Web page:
We all know that the holiday shopping season from Halloween to Christmas is when retail merchants make most of their annual income.  It is also a season when shoplifting increases as people are bombarded with advertising to come out and shop.  People shoplift for many different reasons:

  • Some people are in need.
  • Some do it just to see if they can.
  • Some have depression or psychological issues that cause them to try to take merchandise which they would ordinarily never consider.

No matter what the reason, many times people get caught, and the price to pay is high: The $50 bottle of perfume taken from the store could result in petty theft charges being filed under California penal code section 488.  This would cost thousands in court fees, not to mention lost employment opportunities as a result of background checks by virtually all employers.  Or worse, a higher value item could result in charges of grand theft (theft of items valued at more than $950) under penal code sections 484-489.

Some counties, including Santa Clara County, offer a diversion program for first offenders so that the offender can avoid having a criminal record if this is truly a one-time mistake.

However, the prosecution usually does not offer these types of programs for:

  • People that commit a second theft offense;
  • People with other types of crimes already on their record;
  • People who take merchandise which retails for $950 or above; and,
  • People whose thefts are charged as burglaries, there are generally no programs offered by the prosecution.

How is the value of the merchandise determined when someone has been charged with shoplifting?  

The store uses their RETAIL cost—the highest price on the price tag.  For example, if the store advertises that everything is 50% off, the shoplifter is still charged the “original” price—even in stores that ALWAYS have their goods on sale.  It is not difficult to see how a “petty theft” can actually be a “grand theft.”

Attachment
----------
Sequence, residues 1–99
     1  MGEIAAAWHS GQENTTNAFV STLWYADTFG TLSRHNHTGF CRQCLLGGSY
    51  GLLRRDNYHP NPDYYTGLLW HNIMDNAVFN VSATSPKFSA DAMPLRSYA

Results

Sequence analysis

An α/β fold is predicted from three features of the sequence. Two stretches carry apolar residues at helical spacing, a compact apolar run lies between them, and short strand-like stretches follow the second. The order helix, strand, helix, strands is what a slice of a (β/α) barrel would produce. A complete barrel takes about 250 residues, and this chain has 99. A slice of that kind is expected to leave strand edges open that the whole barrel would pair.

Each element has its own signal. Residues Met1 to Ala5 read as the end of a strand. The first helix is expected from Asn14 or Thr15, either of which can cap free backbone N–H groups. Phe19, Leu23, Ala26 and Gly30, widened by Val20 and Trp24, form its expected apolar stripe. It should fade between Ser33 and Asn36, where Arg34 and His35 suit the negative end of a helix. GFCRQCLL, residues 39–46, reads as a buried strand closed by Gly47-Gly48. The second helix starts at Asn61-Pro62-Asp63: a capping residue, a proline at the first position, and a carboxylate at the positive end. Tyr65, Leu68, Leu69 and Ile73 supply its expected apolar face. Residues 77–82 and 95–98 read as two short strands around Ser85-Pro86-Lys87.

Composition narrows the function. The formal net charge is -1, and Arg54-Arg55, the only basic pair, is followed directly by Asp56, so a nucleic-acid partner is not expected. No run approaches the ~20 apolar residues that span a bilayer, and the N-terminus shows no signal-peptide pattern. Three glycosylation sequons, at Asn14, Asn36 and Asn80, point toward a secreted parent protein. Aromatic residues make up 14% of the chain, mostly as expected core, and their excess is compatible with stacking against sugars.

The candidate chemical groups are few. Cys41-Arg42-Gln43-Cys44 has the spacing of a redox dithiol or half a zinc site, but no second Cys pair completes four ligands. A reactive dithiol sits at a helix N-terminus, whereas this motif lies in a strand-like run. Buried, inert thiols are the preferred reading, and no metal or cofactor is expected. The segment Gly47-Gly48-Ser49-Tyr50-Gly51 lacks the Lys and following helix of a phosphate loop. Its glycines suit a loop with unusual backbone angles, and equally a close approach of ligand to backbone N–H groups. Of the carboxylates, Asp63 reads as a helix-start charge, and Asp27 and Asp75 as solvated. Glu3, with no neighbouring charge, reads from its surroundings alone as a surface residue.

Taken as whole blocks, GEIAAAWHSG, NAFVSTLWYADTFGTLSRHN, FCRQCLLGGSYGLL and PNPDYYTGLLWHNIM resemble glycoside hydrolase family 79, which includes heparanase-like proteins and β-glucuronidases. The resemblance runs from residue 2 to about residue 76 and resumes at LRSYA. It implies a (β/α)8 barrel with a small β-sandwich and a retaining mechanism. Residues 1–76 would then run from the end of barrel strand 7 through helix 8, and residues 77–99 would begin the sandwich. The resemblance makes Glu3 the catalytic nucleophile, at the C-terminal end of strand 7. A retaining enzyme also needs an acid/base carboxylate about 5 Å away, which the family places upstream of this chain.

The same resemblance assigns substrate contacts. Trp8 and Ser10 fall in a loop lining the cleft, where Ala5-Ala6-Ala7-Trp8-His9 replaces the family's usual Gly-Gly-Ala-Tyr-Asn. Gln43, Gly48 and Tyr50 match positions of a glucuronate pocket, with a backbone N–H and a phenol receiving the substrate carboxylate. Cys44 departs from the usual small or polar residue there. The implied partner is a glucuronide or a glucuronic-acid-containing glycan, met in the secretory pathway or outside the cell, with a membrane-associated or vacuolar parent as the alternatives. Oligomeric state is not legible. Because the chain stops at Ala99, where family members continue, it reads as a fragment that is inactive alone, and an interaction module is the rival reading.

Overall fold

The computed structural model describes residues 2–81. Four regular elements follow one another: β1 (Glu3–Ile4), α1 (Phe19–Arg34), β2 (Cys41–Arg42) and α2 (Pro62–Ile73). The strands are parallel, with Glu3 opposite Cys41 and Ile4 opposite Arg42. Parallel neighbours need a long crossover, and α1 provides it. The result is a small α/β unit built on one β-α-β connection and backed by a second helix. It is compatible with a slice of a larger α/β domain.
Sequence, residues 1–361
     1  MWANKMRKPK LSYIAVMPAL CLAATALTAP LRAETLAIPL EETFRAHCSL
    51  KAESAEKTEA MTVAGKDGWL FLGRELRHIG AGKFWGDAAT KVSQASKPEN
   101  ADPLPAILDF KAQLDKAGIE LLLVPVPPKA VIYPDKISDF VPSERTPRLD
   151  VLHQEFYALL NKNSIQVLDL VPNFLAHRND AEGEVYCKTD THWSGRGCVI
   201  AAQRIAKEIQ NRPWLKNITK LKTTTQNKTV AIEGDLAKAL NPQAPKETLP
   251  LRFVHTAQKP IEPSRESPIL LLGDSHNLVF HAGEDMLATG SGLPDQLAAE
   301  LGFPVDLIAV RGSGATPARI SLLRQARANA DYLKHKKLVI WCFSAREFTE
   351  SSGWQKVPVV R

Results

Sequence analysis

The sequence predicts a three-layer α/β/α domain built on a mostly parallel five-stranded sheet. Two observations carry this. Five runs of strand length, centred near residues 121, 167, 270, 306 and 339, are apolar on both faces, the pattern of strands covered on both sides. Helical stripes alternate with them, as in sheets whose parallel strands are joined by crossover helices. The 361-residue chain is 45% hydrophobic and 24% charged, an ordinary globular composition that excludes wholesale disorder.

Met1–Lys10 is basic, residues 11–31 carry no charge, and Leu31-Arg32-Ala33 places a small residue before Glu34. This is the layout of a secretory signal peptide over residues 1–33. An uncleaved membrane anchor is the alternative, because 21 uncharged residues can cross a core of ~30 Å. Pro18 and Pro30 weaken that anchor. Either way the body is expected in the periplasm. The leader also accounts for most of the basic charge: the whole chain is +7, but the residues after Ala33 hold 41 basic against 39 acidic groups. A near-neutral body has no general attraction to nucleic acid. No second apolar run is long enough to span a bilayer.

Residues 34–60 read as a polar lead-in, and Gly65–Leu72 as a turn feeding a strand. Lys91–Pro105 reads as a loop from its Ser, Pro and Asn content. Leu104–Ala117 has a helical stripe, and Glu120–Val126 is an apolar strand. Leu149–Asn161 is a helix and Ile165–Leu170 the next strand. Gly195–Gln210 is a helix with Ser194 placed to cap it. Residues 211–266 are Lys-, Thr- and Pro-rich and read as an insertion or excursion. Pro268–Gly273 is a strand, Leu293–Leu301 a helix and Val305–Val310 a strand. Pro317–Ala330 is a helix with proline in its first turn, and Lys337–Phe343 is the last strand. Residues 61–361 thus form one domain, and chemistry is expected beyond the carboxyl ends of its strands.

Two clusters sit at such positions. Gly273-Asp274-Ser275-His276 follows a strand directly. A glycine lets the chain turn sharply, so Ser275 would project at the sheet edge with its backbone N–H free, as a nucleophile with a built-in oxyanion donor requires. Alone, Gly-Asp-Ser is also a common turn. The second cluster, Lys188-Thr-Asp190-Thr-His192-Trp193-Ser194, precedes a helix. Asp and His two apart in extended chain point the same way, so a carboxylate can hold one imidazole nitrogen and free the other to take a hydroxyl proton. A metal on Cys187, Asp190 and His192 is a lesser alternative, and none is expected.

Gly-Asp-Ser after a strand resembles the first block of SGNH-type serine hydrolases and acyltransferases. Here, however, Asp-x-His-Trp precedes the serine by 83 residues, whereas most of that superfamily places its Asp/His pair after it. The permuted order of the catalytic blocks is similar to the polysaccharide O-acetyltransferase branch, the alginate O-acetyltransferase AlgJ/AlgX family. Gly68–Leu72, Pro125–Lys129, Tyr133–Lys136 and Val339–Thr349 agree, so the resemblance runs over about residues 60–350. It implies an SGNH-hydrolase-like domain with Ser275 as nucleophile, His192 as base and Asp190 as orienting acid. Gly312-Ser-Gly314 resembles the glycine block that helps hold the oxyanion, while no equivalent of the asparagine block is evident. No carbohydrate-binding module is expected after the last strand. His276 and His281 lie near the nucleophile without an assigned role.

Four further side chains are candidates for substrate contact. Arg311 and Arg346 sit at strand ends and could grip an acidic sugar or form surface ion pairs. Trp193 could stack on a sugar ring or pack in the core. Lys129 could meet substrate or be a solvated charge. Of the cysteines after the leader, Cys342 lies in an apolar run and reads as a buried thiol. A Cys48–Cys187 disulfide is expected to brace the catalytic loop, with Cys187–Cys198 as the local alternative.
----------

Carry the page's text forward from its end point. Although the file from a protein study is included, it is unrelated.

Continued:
Stores also have the right under the  California Penal Code to their costs incurred in apprehending shoplifters.  This is a bill from the store the shoplifter receives even if the store has all of their merchandise back.  It often amounts to $400!  That bill has nothing to do with whether the case goes to court or not.

Shoplifters can also be charged with Burglary

Under the California penal code, a second degree burglary occurs when a person enters the store with the intent to steal before they walk inside.  Prosecutors may charge someone with burglary if they walk into the store with tools in their pockets or purses to remove inventory control devices, sometimes if the person has a scissor in their bag and is cutting off plastic price tags.  Persons have even been charged with burglary if they walk into the store carrying multiple bags!

The theory on the bags is that the shoplifter makes it appear on CCTV that they are walking out of the store with the same bags they were carrying on entry.  People buy devices on the internet to “fool” inventory control systems.  However, if a person is caught shoplifting and has such a device on his or her person, that person is likely to be charged with burglary and even possession of burglary tools.

So stick with the eggnog and the Christmas cookies if a trip to the store looks more tempting than you can afford since the cost of shoplifting is very high indeed!